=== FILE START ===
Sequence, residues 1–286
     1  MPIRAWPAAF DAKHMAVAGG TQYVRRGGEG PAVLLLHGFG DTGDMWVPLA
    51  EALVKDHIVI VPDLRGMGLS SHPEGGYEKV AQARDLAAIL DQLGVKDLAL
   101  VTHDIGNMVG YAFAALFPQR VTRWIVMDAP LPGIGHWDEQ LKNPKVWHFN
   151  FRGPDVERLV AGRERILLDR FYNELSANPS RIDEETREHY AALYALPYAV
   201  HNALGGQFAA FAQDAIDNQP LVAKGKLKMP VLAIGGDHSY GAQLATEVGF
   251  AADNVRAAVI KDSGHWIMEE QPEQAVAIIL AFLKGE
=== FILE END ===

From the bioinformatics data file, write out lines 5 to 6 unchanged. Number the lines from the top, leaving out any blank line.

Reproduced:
   151  FRGPDVERLV AGRERILLDR FYNELSANPS RIDEETREHY AALYALPYAV
   201  HNALGGQFAA FAQDAIDNQP LVAKGKLKMP VLAIGGDHSY GAQLATEVGF